Becoming a Product Manager
Hint: It doesn’t happen “by mistake.”
It isn’t easy to become a PM.
There isn’t a Product Management degree. It’s not a core part of any curriculum. Many people don’t even realize there’s a PM role until they enter the industry. Most PMs already come in with a degree in Engineering.
Being a Product Manager means learning another skill set on top of one you studied. The best way to do so is by doing projects.
The other way to learn is by reading the words of those who have came before.
- Ben Horowitz’s Good PM / Bad PM explains the role of the PM as CEO of the Product.
- Steven Sinofsky’s Zen of PM frames how to execute.
- Julie Zhou explains the complicated work that goes into making sure PM, design, and engineering all do their best work.
- Quora has tons of content on what books to read, how to prepare for PM interviews, and whether or not you need to be technical.
Even if you learn all the general content, it can still be hard to get a job.
The ratio of PM:Engineering is usually from 1:2 on the super-high end (Microsoft) down to 1:10+ many other places. There just aren’t that many of these jobs.
You also need to learn a lot of specific subject matter to get a good PM job. When you prep for PM interviews, you want to know the product as well as the person interviewing does. When they’ve worked on it for years, that’s near-impossible.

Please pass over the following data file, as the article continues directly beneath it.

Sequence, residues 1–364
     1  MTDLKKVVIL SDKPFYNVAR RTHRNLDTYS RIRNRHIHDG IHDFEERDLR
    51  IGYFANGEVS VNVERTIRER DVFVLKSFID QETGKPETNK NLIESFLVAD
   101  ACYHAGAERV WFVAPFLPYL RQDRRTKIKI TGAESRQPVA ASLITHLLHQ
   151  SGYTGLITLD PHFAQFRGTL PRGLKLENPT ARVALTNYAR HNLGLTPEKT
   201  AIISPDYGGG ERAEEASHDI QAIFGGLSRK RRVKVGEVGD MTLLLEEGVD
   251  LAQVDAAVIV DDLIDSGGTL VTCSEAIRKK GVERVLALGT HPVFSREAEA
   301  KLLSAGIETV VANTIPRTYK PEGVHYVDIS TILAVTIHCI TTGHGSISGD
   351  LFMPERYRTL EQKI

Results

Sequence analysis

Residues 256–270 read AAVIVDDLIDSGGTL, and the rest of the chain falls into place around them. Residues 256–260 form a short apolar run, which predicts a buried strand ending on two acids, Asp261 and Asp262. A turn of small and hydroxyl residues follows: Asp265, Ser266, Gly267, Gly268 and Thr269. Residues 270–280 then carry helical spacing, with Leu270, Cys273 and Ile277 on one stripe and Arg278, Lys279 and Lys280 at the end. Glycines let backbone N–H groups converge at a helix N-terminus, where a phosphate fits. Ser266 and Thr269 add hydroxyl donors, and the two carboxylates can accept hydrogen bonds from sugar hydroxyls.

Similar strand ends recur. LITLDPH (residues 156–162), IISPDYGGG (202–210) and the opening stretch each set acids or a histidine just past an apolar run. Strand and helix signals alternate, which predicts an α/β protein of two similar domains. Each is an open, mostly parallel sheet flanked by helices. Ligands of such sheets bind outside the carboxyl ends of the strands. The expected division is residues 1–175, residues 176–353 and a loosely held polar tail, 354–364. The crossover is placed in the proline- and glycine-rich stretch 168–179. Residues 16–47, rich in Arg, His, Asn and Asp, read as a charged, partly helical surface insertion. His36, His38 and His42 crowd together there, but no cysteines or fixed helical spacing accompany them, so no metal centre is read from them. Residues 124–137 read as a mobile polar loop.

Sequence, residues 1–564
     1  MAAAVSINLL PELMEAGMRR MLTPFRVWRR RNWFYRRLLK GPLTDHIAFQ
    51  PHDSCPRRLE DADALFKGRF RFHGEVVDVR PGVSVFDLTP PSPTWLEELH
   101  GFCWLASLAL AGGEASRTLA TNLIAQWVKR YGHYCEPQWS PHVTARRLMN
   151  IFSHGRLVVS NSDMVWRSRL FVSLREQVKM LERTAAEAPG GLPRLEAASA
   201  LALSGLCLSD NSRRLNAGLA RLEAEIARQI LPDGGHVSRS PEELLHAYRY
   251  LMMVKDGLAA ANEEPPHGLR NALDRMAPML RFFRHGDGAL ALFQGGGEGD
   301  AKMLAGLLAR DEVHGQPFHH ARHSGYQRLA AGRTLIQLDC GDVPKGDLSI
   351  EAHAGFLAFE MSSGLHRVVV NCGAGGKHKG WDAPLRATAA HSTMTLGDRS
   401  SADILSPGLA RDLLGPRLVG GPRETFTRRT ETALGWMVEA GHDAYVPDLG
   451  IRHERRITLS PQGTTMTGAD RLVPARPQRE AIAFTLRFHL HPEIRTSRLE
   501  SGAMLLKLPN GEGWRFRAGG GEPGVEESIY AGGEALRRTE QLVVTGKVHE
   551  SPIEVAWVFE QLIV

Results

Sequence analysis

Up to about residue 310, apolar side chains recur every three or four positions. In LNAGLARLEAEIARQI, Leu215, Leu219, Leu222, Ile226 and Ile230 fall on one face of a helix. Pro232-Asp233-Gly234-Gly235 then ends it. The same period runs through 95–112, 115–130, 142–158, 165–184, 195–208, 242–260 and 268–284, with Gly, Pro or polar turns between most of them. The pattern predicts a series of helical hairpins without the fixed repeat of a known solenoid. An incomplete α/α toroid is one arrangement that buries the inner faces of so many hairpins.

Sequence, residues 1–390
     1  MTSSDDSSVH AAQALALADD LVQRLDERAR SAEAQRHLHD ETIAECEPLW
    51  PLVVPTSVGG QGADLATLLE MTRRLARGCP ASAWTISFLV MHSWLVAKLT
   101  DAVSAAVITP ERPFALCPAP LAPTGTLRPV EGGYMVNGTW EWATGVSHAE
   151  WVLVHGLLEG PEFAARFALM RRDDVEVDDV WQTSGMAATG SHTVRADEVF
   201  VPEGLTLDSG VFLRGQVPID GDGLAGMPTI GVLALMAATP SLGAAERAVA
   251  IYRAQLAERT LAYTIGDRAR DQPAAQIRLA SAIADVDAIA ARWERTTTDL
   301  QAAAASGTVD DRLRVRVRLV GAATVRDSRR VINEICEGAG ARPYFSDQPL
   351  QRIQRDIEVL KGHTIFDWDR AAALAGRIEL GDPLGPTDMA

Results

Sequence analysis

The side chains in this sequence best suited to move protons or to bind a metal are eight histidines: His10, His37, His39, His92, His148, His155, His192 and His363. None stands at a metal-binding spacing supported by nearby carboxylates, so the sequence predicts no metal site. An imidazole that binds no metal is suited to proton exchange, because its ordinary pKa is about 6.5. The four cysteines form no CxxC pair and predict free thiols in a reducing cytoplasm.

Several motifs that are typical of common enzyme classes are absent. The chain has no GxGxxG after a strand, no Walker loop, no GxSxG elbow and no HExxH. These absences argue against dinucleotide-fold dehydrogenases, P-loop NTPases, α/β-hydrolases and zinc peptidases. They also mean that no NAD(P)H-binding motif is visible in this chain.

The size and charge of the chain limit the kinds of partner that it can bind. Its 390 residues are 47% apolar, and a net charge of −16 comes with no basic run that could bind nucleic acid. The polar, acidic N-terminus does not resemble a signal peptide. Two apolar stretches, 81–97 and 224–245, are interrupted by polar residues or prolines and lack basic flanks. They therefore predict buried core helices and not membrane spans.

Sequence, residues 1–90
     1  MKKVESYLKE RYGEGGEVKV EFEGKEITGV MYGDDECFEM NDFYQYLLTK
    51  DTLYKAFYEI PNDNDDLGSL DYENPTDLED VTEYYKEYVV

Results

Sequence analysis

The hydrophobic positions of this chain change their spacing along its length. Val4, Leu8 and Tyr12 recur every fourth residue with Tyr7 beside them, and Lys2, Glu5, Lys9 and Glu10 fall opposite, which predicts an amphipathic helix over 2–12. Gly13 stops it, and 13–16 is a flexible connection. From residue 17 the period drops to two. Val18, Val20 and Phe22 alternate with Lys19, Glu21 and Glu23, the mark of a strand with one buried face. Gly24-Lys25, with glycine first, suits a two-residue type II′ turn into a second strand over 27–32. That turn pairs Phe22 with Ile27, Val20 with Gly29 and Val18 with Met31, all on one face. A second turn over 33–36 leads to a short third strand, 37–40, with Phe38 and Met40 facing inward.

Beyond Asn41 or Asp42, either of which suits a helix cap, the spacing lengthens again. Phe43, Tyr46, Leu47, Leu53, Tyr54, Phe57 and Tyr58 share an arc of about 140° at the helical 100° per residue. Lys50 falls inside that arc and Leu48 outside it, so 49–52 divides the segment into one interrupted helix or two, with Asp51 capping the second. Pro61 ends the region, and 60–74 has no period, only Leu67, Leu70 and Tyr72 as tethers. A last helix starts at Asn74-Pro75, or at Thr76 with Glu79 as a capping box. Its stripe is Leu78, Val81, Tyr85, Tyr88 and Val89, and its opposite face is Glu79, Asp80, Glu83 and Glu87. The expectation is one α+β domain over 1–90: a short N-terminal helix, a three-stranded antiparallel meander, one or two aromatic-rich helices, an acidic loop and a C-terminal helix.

I tend to put at least a week into prepping for a full-day PM interview. Getting my current job took six months, 10 interviews, and I wrote a full spec.
Gayle Laakmann McDowell and Jackie Bavaro even wrote an entire book on how to get through PM interviews.
You don’t end up as a PM by “mistake.” You end up as a PM because you did a ton of work.
Having the Job isn’t a Cakewalk.
Once you’re a PM, you have a bunch of specific responsibilities.
- You figure out what research you need, and do it. It might be an ethnographic interview, and it might be hard data. It’s not uncommon for a PM to write their own SQL queries.
- You prioritize. There are always more things than can get done.
- You negotiate and persuade people without having managerial power. You have to convince the other PMs and leadership that your ideas have merit and are worth resourcing.
- Developers and designers work with you, not for you. You need to have a compelling reason for them to want to build your ideas.
- You decide exactly what you’re going to.
- You make sure things happen.
It’s a broad role. While you might not be actually doing every job, you still need to understand every job.
The PM role is hard to understand.
It’s easy to understand what an Engineer or Designer does — they make the Product. The PM role is much more nuanced, so it makes sense that the media often forgets how technical it is.
Unfortunately, this ends up hurting women in Product Management.
This weekend in the New York Times, Claire Cain Miller wrote an excellent article focusing on why we don’t have nearly as many women working in technology. You can read the full article over here. Most of it is spot on. Unfortunately, it over simplifies the PM role.
“Women often take on the role of product manager, or P.M., which entails the so-called soft skills of managing people and bridging the business and engineering divide. Yet even though this is an essential job, it’s the purely technical people — not the businesspeople — who get the respect in the tech industry.”*